On an elevator machine, the brake is one of the most important parts of the equipment, for upon its proper functioning depends not only the safety but also the satisfactory operation of the machine.

Annett noted that this design required only “a small movement of the various parts during operation.”[1] Additionally, because the brake shoes were “hinged at their middle and lifted away from the wheel at the horizontal diameter by the levers, they are lifted an equal distance from the wheel at all points.”[1] This was an improvement over band-type brakes where the shoes, when released, were often at slightly varying distances from the wheel, which occasionally caused uneven wear on the shoes.

In 1911, Otis engineer Frederick Hymans provided a detailed description of the operation of Otis’ new brake system when used on high-speed traction elevators:

“An important part of elevator machines of this type is the brake, as the very small mechanical friction of the machinery makes it necessary to rely on the brake entirely to hold the car at the landing. The brake is essentially a holding brake, that is the shoes are not applied until the machine has practically been brought to rest by dynamic braking and presents as such an interesting development. It would be undesirable to stop high speed elevator machinery of this kind by mechanical braking, on account of the large variation of the stopping distances that would result if a fixed brake pressure were applied to stop elevators having constantly changing loads. Also, the wear on such a brake would necessitate continued adjustments. The brake is held on by springs and released by a brake magnet, which is provided with a shunt winding of such proportions that its self-induction causes an appreciable lag of time between the closing of its circuit and the release of the brake shoes. Thus, while the armature and brake circuits are closed practically at the same time, sufficient time elapses to build up the full motor torque before the brake releases. When the current is shut off, there is again sufficient lag to permit the motor to come practically to a stop by dynamic brake action before the brake sets. Together with the advantage of stopping almost entirely by dynamic braking is the fact that the wear on the brake shoes is at a minimum and when once set, the brake rarely requires further adjustment.”[2]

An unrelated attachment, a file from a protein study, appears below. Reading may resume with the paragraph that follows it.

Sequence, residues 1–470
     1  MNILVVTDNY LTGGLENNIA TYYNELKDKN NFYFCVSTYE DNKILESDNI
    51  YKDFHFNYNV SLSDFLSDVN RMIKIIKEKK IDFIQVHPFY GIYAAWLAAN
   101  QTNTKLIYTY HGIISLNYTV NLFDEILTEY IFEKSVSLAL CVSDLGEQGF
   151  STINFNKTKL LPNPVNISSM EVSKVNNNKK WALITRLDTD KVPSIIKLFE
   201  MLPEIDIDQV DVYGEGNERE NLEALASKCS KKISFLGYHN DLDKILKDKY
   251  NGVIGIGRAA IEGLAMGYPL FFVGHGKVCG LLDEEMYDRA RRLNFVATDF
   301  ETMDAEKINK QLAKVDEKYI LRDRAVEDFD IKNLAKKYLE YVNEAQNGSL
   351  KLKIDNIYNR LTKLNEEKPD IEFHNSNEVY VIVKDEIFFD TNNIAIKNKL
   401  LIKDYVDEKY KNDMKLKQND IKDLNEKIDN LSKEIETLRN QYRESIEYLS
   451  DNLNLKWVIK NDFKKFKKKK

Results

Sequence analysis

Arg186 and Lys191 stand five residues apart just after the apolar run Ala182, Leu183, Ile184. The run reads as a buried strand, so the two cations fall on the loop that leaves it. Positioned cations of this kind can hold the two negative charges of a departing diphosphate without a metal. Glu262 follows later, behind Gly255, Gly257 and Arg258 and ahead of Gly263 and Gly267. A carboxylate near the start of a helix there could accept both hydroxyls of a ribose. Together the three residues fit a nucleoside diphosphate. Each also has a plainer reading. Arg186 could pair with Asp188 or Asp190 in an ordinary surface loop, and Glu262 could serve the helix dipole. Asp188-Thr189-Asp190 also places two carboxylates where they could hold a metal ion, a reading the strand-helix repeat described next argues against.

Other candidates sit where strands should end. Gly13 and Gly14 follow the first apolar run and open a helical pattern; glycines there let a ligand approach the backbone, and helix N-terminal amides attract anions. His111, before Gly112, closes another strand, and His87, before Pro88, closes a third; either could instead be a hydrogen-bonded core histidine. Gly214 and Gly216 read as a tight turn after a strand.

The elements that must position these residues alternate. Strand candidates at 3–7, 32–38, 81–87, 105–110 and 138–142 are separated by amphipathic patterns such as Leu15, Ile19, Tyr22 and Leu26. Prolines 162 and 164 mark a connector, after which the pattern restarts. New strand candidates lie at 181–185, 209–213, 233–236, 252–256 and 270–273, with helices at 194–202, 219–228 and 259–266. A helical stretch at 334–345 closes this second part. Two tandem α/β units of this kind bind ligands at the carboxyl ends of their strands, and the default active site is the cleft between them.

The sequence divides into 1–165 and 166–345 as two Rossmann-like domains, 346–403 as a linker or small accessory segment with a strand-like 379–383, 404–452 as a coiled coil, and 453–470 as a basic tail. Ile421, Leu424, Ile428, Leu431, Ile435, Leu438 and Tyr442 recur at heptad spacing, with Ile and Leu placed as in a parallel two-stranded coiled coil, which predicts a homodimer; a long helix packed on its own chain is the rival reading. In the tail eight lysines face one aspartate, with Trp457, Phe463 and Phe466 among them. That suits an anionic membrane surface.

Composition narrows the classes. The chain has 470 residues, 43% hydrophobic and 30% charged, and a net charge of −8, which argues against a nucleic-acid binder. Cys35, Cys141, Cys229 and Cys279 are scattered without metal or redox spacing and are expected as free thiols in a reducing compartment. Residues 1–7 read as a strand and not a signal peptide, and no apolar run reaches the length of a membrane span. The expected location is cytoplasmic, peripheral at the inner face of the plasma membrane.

Figure 3. Electric brake, Otis Elevator Company (ca. 1910). Parts: A, Brake shoe attachment points; D & D’, Double cores; E, Electromagnet; F, Brake shoe fulcrum; H, Brake shoe adjustment screws; S, Springs.
Figure 4. Electric brake, Otis Elevator Company (ca. 1920).

The use of dynamic braking had, in fact, been introduced in the 1890s and was a feature of the earlier Elektron and Otis systems.

Annett illustrated two examples of Otis’ electric brakes (Figures 3 & 4). The first was described as a “brake for use on one of the earlier types of high-speed elevators” and the second was described as designed for use on a “high-speed direct-traction machine.” [1] A comparison of the latter with contemporary Otis technical manuals reveals that this was one of the few truly “modern” systems discussed by Annett (Figure 5).

Figure 5. Electric brake, Otis Elevator Company (1924).

This fact, along with the increasing use of high-speed traction elevators, may account for his decision to devote the final third of the chapter on direct-current brakes to this system.

Annett also used this presentation as a forum to discuss fundamental aspects of brake operation. He first described the impact on brake operation of the varying loads carried by elevators, which ranged from “the extremes of full load in up motion and full load going down.” [1] He summarized this discussion by reminding the reader that “the energy of a moving mass is proportional to its weight times the square of its velocity; therefore, the required braking action increases as the weight and the square of the speed. Twice the mass requires twice the braking action; double the speed requires four times the braking power.”[1]

Annett then described the “three distinct factors that determine the stopping of an elevator.”[1] These were identified as:

  1. The force of gravity, due to the unbalanced load that assists or opposes stopping.